There’s something under your car…

Financial markets often seem very detached from the real world.

It can be hard to relate the green or red numbers flickering up and down on a screen to what’s actually going on outside.

But sometimes, the seemingly inscrutable movements of those numbers have very real – not to mention strange – consequences.

Across the UK, gangs of thieves are prowling around parking lots and residential areas, looking to loot unattended cars of one particular item. They bring tools to harvest this forbidden fruit – hydraulic jacks, drills, and saws, to get under the chassis and tear it out.

According to the Metropolitan Police, there have been at least 900 incidents of this since summer last year. And that number is only set to increase, for reasons that can be found in the chart below:

This is palladium, which has just whizzed past gold to become the most expensive precious metal around. It’s used more in heavy industry than jewellery, notably in catalytic converters, those devices used in car exhausts to reduce emissions.

Palladium is generally used in catalytic converters for petrol engines, with its sister platinum used for diesel engines. With diesel engines politically unpopular of late (hello, Volkswagen), petrol engines, and consequently the palladium market, have picked up the slack.

But as you can see in that chart, there really isn’t much slack in the palladium market. Production is tight, and can’t be rapidly brought online quickly to deal with the rise in demand. As a result, the price has just bolted higher… as has the reward for thieves who steal the converters and gut them for the palladium within.

Platinum price (blue) against the palladium price (green) since the Volkswagen emissions scandal

Just a few hours ago as I write this, palladium has hit an all-time high of $1,500 per troy ounce, or £1,147. The folks who bought in August, are close to doubling their money in the space of six months.

I bought palladium back in 2016 when it was 600 bucks, so I’m feeling pretty chuffed. But not nearly as chuffed as the folks who bought palladium miners last year must be.

This is Impala Platinum, which despite its name, is one of the world’s largest producers of palladium:

Speculators who got in on Impala in September have more than tripled their money in less than six months.

Mining companies aren’t all the same. Other palladium producers haven’t done as well as Impala – that’s why knowing which miners hold the most value is key. But when precious metals take off, the miners go nuts – and the opportunities to profit can be immense.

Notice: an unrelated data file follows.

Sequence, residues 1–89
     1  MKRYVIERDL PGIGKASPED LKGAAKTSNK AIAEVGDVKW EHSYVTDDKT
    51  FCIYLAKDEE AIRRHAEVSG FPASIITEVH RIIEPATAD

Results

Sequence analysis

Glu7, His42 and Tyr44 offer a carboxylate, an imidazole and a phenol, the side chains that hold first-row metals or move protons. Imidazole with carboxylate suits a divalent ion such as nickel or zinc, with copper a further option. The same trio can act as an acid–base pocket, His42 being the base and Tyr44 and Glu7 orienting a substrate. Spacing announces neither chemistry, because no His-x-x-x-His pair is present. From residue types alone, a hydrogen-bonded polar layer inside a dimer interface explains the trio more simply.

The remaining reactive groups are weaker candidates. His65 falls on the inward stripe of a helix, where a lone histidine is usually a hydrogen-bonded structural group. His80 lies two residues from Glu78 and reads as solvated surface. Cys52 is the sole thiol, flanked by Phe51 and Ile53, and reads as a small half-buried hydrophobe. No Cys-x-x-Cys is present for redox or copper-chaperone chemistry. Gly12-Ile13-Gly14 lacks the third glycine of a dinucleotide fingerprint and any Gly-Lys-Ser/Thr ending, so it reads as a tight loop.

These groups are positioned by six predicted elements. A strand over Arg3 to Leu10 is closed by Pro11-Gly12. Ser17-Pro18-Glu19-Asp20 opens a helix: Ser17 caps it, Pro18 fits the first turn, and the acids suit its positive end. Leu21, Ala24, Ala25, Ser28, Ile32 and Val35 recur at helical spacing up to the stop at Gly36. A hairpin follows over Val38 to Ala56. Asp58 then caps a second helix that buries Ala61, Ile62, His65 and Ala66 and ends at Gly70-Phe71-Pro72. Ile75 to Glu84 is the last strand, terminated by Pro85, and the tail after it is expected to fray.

That’s what Eoin Treacy has been working on for our 2019 Gold Summit. He reckons that gold’s recent rip higher has barely begun, and that high-quality miners are going to have a day in the sun like never before.

He’ll be delivering a keynote address at the summit next week, where he’ll outline exactly how he’s allocating his capital in preparation for “the big one”. In his view, it’s the investors who get in now that are set to reap “parabolic profits” when gold starts to shine. It’s not to be missed – you can sign up here if you haven’t already.

I’m still pondering what to do with my palladium. Sell, or hold? Data coming out of China and Germany indicates that automobile sales are weakening, a further indicator that recession is on the way. If people aren’t buying cars, palladium demand should take a hit.

But with governments ever more keen to reduce emissions, stronger catalytic converters, and thus palladium demand, is set to increase by decree. While car companies may try to substitute or use less palladium as it gets more expensive, such changes cannot occur overnight – and so an already tight market may just get tighter.

The $1,500 mark is a psychologically important one – if there’s to be a change in trend, it’s likely to occur around this point. If it keeps ripping higher, I’d keep a closer eye on your car – especially if it has a petrol engine.

All the best,

Boaz Shoshan
Editor, Capital & Conflict

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